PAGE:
Could electric vehicles (EVs) soon face a different kind of gridlock? With the electrification of mobility accelerating, energy producers and distributors need to understand the potential impact of EVs on electricity demand (Exhibit 1). The good news: McKinsey analysis suggests the projected growth in e-mobility will not drive substantial increases in total electrical-grid power demand in the near to midterm, thus limiting the need for new electricity-generation capacity during that period.

Electric vehicles will likely not drive a large increase in electricity demand.

Using information from Germany as an example, EV growth is not likely to cause large increases in power demand through 2030; instead, it potentially adds about 1 percent to the total and requires about five extra gigawatts (GW) of generation capacity. That amount could grow to roughly 4 percent by 2050, requiring additional capacity of about 20 GW. Almost all this new-build capacity will likely involve renewables, including wind and solar power, with some gas-powered generation.

Reshaping the electricity load curve

While the uptake in EV sales is unlikely to cause a significant increase in total power demand, it will likely reshape the electricity load curve. The most pronounced effect will be an increase in evening peak loads, as people plug in their EVs when they return home from work or after completing the day’s errands. However, at a system level, this effect will represent a relatively small percentage at most. Again, taking Germany as an example, we expect an increase in peak load of approximately 1 percent by 2030 and about 5 percent by 2050—increases that the system can likely absorb.
However, the changing load curve will lead to challenges at a local level because the regional spread of EVs will most likely vary—in some cases, significantly. McKinsey’s geospatial-analytics forecast of zip-code-level EV penetration shows suburban areas will likely become early EV-adoption hot spots. Therefore, even at still-low nationwide EV-penetration levels, local pockets with significant EV populations will probably emerge (Exhibit 2).

We expect a high concentration of electric-vehicle stock in cities and suburban areas.
When local electric-vehicle penetration hits 25 percent, peak circuit loads can grow 30 percent.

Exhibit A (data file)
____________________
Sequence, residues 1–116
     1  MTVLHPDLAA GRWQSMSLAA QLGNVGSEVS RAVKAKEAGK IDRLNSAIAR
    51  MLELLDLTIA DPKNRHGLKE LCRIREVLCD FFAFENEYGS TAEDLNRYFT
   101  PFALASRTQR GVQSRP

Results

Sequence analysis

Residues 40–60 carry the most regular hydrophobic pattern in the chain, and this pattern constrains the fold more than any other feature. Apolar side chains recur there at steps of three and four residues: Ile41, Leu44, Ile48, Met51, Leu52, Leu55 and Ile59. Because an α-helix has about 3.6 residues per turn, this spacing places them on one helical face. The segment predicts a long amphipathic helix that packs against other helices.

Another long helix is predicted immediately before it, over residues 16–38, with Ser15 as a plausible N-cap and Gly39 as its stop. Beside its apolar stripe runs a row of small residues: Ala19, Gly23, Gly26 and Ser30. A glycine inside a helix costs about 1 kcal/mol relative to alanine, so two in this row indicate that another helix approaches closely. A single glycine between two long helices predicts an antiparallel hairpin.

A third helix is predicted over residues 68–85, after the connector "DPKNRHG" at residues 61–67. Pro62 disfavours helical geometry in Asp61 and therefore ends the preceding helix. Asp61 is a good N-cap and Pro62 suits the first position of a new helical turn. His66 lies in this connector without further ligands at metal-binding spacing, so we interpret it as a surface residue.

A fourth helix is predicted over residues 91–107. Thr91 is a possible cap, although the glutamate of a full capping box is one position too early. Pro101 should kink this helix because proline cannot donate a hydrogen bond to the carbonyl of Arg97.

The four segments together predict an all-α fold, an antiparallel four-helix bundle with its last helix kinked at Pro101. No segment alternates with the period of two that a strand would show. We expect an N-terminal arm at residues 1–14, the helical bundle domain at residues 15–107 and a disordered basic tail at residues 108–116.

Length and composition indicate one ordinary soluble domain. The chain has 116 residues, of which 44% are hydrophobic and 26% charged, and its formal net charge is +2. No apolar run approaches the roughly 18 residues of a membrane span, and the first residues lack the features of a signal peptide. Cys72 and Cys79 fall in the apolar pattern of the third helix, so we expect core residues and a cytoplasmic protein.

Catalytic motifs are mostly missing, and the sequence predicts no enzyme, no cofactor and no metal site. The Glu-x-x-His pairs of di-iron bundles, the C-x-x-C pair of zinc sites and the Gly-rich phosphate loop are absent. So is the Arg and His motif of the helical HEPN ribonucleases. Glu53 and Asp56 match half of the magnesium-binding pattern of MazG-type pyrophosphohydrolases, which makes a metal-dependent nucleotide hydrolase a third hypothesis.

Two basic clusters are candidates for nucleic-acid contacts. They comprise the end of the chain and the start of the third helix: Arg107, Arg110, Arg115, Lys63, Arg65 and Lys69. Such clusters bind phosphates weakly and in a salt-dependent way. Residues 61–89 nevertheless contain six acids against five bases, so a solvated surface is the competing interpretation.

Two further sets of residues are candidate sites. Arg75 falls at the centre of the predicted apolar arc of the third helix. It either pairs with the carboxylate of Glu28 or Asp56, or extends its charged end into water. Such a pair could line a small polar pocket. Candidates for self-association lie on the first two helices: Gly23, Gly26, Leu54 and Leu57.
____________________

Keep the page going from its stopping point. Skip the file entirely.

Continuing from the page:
These residential hot spots and other concentration points of EV charging, such as public EV-fast-charging stations and commercial-vehicle depots, will see significant increases in local peak loads. To forecast changes in the load curve in residential areas, McKinsey conducted a Monte Carlo analysis.1 For a typical residential feeder circuit of 150 homes at 25 percent local EV penetration, the analysis indicated that the local peak load would increase by approximately 30 percent (Exhibit 3).
While significant, the peak-load growth in residential areas is not as dramatic as some assume. That is because while a single EV can easily double peak consumption at the individual-household level, the aggregation across many households (those with and without EVs) reduces the relative increase in peak load at a substation, even considering the effects of high-peak outlier days. Exhibit 3 illustrates both maximum and average peak EV-electricity demand experienced by a typical residential substation, assuming no delayed or “smart” (that is, centrally managed) charging.
Beyond peak-load increases, the highly volatile and spiky load profiles of public fast-charging stations will also require additional system balancing. We simulated the load profile of a fast-charging station to explore this situation in greater detail (Exhibit 4). In this case, a single fast-charging station can quickly exceed the peak-load capacity of a typical feeder-circuit transformer.

Load profiles for fast-charging stations fluctuate wildly but follow a weekday and weekend rhythm.

Unmanaged, substation peak-load increases from EV-charging power demand will eventually push local transformers beyond their capacity, requiring upgrades. Combining data on the distribution of EV penetration per zip code from McKinsey’s geospatial analysis with data on the current utilization of transformers reveals that capital-expenditure requirements as a function of national-level EV penetration follows an S-curve shape. In other words, while investment needs require very few upgrades at low EV penetrations, they jump rapidly as the number of EVs increases and eventually level off again at high penetration levels. Without corrective action, we estimate that the cumulative grid-investment need could exceed several hundred euros per EV.

Exploring potential solutions